Just goes to show that, even when considering laws strengthening consumers’ protection against abusive practices, it pays to read the fine print.

Notes and Predictions: The Stress Test

May 6, 2009

As the results of the stress test start leaking out slowly, it’s a fun exercise to make some educated guesses/predictions about what the future holds and take note of pertinent facts. As we’ve discussed before, there is a lot to take issue with when considering the results of the stress test at all, especially given the added layers of uncertainty stemming form the limited information provided in the scenarios. So, without further delay, let’s get started.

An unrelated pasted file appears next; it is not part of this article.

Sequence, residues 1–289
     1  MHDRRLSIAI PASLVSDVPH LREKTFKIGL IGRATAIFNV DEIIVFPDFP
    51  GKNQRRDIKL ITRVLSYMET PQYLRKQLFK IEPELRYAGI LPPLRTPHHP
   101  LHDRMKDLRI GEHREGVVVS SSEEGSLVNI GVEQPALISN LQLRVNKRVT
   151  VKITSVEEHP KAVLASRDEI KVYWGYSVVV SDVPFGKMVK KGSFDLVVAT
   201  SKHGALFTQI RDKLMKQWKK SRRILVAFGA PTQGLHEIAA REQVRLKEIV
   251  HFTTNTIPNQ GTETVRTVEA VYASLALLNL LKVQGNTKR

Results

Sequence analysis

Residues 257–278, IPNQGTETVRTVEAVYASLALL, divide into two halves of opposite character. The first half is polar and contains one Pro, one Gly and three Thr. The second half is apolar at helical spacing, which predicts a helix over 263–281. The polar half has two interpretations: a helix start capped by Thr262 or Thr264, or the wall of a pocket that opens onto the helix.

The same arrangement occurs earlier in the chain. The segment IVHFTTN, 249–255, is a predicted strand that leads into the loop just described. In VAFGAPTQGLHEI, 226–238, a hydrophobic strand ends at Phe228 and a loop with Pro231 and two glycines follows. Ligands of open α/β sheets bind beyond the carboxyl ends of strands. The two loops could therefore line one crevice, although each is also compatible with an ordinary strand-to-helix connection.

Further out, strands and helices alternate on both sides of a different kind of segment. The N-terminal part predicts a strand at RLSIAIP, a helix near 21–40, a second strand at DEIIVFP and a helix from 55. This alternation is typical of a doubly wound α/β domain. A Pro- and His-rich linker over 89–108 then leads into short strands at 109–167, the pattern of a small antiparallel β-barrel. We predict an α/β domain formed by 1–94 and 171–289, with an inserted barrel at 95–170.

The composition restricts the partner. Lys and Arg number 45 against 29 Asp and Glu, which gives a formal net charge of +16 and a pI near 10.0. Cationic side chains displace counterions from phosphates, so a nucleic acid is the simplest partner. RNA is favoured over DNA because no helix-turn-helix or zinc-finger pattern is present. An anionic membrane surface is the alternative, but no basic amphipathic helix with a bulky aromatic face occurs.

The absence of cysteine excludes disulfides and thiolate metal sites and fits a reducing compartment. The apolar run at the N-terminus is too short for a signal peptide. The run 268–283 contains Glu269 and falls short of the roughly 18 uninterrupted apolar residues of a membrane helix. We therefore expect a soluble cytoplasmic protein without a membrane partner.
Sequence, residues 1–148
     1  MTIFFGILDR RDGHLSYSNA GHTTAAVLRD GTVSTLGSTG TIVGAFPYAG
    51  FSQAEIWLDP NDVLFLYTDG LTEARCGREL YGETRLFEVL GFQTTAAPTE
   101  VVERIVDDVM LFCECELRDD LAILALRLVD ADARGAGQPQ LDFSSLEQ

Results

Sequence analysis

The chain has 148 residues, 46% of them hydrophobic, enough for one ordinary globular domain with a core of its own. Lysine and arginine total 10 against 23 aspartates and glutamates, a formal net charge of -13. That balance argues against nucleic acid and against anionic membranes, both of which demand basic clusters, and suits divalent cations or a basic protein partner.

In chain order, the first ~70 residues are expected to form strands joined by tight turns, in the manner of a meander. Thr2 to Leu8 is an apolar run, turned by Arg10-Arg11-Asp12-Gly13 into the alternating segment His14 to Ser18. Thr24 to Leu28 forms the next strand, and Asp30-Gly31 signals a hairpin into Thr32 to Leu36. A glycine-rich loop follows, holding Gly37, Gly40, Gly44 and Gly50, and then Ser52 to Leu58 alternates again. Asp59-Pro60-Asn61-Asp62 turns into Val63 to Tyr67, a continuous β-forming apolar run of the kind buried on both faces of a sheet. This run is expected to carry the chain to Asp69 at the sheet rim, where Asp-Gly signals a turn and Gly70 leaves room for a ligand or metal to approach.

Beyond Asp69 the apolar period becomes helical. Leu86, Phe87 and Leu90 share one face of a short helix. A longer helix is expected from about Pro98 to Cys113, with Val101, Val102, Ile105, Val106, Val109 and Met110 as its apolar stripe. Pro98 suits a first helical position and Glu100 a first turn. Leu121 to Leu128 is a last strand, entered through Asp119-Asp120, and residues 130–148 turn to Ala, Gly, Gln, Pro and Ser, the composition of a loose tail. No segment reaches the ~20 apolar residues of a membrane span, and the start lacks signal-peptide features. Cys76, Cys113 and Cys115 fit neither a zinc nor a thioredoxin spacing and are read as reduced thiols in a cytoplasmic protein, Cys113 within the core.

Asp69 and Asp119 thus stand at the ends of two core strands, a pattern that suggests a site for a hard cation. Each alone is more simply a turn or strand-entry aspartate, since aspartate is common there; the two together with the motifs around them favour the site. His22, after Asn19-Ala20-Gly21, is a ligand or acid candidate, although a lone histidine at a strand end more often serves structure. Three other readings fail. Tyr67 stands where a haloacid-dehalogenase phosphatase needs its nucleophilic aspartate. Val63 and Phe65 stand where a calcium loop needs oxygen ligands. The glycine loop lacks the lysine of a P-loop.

1. The baseline scenario will prove wholly inadequate as a “stress test.” Please, follow along with me as I read from the methodology (pdf).  I’ll start with the most egregious and reckless component of the mis-named baseline scenario (I would rename it the, “if payer works” scenario) : what I will refer to as “the dreaded footnote six.” From the document:

As noted above, BHCs [(Bank Holding Companies, or the firms being stress tested)] with trading account assets exceeding $100 billion as of December 31, 2008 were asked to provide projections of trading related losses for the more adverse scenario, including losses from counterparty credit risk exposures, including potential counterparty defaults, and credit valuation adjustments taken against exposures to counterparties whose probability of default would be expected to increase in the adverse scenario.(6)